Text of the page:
But Lynn’s cup size (if she wore a bra) would be further along the alphabet than my C, and she looked nothing like Grandma—in fact, she was the picture of elegance.

I countered with the absolute necessity of wearing a sports bra when I work out, wincing slighty to illustrate the pain I would endure if I were ever to mount the elliptical at the gym in just a T-shirt. She asked how often I worked out and for how long. When I answered, she said that 45 minutes four times a week is a lot less time than wearing one all day every day. And then she explained how massages could restore circulation once the bra was off.

By wearing bras for 12 to 16 hours a day, we are sacrificing a good deal of healthy circulation. Consider what bras do, not only to your breasts but to your shoulders, back, and ribcage. It pushes some parts together and squeezes, pulls, and binds other parts to form a shape that has been deemed attractive by society.

So women end up treating their bodies like lumps of Play-dough. And to what end? The more I thought about it, the more I realized that bras were a conspiracy dreamed up by men who wanted to put our mammaries in cages. And that conspiracy is being perpetuated by all the women who believe that going braless would be wrong somehow, either because they would experience premature sag or look like hussies. I had bought into the whole thing, which is bad enough, but now it could be detrimental to my health? I had to make a stand.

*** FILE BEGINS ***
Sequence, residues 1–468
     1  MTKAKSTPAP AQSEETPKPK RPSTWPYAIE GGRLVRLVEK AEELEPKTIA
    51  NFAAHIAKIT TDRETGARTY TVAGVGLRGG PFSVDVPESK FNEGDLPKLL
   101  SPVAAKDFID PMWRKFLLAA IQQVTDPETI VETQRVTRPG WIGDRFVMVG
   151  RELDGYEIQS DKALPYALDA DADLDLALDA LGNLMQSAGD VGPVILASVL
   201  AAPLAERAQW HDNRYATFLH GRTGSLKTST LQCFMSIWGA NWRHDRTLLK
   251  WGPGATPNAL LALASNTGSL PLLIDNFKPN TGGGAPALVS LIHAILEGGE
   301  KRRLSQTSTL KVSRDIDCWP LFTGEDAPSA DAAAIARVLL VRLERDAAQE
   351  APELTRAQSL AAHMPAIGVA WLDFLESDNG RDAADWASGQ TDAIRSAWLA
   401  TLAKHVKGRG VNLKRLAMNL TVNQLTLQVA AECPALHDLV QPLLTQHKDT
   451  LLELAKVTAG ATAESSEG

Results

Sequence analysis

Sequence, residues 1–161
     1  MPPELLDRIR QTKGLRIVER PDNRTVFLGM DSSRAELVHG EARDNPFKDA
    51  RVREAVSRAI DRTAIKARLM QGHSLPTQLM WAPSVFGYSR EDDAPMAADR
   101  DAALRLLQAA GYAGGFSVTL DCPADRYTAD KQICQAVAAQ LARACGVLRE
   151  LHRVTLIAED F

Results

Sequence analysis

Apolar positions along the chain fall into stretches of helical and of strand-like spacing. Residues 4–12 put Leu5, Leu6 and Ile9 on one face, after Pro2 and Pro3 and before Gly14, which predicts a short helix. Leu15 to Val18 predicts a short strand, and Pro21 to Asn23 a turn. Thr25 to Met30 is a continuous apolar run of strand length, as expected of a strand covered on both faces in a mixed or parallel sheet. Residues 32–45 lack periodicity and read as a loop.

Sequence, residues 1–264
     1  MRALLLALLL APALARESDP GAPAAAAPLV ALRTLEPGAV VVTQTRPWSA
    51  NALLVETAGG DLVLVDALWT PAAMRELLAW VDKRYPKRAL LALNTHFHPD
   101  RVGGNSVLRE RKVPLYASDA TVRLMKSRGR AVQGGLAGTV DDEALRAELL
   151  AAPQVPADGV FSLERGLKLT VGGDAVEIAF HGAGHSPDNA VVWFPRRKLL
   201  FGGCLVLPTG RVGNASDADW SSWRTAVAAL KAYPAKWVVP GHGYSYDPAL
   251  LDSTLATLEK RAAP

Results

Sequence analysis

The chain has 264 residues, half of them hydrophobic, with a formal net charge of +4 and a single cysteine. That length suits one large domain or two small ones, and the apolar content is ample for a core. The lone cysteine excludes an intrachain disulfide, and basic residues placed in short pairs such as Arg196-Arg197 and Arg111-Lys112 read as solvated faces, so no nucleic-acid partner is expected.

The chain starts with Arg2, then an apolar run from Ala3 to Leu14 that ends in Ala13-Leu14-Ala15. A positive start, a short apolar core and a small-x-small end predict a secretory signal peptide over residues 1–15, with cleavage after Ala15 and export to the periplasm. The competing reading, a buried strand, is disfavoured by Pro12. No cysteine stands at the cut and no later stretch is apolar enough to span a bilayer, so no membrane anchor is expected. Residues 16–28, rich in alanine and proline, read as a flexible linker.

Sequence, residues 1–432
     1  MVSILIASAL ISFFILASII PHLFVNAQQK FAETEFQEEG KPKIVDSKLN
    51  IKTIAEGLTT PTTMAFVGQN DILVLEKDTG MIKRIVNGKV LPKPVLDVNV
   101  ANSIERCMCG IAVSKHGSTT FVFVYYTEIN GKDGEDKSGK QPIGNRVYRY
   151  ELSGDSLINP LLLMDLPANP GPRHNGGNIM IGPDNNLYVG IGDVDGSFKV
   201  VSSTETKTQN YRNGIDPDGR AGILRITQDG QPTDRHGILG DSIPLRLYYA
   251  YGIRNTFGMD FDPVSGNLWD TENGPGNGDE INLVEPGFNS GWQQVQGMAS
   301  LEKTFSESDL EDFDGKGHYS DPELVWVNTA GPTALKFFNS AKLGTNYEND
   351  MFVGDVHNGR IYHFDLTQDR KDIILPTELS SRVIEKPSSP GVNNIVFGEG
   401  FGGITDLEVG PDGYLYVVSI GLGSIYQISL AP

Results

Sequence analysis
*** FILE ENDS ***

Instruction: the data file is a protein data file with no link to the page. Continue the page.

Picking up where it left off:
So I took off my bra. (Not right there at the luncheon, but later, when I got home.) In order to address the issue of nipple irritation, I dug out my old cotton camisoles, which I figure will give me the protection I require in that area.

And I didn’t wear a bra for the next 24 hours.

But on Saturday I was scheduled to sing in a choral concert for an assisted living community. I pictured elderly residents taking note of my liberated chest and I couldn’t do it. I put on a bra. I bowed to the societal pressure that was inside my own head.

When I returned home, I was ashamed. What kind of feminist am I if I can’t sing in front of a bunch of old people without a bra on? And I replied to myself, “a feminist who doesn’t want people to think she’s trying to look sexy when actually going braless gives her more of a saggy Grandma vibe.” And then I realized I was talking about myself in the third person, which I hate.

So I decided to take it one day at a time. I didn’t wear a bra for the rest of the week. At first it felt weird, but the more I didn’t wear one, the more comfortable I became. Every once in a while I would be talking to someone and I’d think, I’m not wearing a bra, and I bet that person doesn’t even know that I’m not wearing a bra. And then the person would be looking at me, expecting an answer of some sort and I would realize that I had no idea what we had been talking about.

But I am confident that soon I will be able to carry on an entire conversation without even thinking about bras. And if I decide to wear a bra sometimes, that’s still better than all the time, right?

But I’ll be really pissed if I go through all this and get breast cancer anyway.